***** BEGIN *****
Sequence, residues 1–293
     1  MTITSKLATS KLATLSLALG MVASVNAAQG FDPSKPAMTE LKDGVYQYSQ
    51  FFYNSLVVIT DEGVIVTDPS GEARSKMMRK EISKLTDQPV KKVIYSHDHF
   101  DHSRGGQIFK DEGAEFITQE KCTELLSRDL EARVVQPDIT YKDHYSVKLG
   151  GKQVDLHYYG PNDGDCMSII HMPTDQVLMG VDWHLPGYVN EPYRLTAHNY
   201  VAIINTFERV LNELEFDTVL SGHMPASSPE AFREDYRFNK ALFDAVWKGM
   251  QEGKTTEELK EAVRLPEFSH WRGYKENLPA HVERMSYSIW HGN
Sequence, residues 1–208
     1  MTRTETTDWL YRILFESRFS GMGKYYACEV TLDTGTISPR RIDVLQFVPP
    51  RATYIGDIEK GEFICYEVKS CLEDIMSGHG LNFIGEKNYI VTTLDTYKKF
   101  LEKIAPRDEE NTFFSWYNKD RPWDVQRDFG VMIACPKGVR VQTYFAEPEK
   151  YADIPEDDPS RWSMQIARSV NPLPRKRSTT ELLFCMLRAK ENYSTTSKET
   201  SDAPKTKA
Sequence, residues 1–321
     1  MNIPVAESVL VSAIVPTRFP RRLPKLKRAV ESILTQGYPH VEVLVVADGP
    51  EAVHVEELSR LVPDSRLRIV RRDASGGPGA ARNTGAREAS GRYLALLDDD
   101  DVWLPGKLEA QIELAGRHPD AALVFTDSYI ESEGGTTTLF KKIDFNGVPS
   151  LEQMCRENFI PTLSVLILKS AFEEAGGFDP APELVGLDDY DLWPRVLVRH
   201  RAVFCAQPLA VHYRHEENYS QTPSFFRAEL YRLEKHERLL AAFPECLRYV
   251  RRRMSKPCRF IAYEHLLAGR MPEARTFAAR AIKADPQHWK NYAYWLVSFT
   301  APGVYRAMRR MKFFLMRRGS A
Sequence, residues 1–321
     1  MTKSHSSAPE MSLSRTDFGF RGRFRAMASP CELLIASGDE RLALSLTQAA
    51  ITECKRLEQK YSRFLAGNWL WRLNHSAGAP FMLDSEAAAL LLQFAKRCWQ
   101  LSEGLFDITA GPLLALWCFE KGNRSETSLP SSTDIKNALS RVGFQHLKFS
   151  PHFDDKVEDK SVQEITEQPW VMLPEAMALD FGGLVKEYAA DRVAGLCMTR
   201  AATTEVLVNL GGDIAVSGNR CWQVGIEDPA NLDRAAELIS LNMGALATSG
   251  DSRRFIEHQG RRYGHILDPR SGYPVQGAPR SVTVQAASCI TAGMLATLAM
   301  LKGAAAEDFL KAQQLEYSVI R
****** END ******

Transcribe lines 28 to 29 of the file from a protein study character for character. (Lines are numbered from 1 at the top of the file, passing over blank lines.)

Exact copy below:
   251  DSRRFIEHQG RRYGHILDPR SGYPVQGAPR SVTVQAASCI TAGMLATLAM
   301  LKGAAAEDFL KAQQLEYSVI R